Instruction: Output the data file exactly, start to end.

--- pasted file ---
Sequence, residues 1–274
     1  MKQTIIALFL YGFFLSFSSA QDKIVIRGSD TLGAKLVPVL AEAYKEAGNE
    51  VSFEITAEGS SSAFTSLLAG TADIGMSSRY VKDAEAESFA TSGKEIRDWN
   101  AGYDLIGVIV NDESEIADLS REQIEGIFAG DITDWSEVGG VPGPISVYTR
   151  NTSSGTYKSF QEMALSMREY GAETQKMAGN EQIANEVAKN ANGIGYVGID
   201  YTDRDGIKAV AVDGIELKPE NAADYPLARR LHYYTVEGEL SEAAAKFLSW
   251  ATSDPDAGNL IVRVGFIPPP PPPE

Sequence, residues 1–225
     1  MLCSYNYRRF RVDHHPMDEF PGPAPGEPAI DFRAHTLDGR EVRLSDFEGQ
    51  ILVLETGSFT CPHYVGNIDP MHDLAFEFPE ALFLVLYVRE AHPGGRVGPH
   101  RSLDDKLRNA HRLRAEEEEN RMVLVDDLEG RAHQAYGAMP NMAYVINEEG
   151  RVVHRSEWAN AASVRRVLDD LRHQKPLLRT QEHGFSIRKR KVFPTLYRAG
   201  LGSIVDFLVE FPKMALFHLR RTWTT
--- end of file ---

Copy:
Sequence, residues 1–274
     1  MKQTIIALFL YGFFLSFSSA QDKIVIRGSD TLGAKLVPVL AEAYKEAGNE
    51  VSFEITAEGS SSAFTSLLAG TADIGMSSRY VKDAEAESFA TSGKEIRDWN
   101  AGYDLIGVIV NDESEIADLS REQIEGIFAG DITDWSEVGG VPGPISVYTR
   151  NTSSGTYKSF QEMALSMREY GAETQKMAGN EQIANEVAKN ANGIGYVGID
   201  YTDRDGIKAV AVDGIELKPE NAADYPLARR LHYYTVEGEL SEAAAKFLSW
   251  ATSDPDAGNL IVRVGFIPPP PPPE

Sequence, residues 1–225
     1  MLCSYNYRRF RVDHHPMDEF PGPAPGEPAI DFRAHTLDGR EVRLSDFEGQ
    51  ILVLETGSFT CPHYVGNIDP MHDLAFEFPE ALFLVLYVRE AHPGGRVGPH
   101  RSLDDKLRNA HRLRAEEEEN RMVLVDDLEG RAHQAYGAMP NMAYVINEEG
   151  RVVHRSEWAN AASVRRVLDD LRHQKPLLRT QEHGFSIRKR KVFPTLYRAG
   201  LGSIVDFLVE FPKMALFHLR RTWTT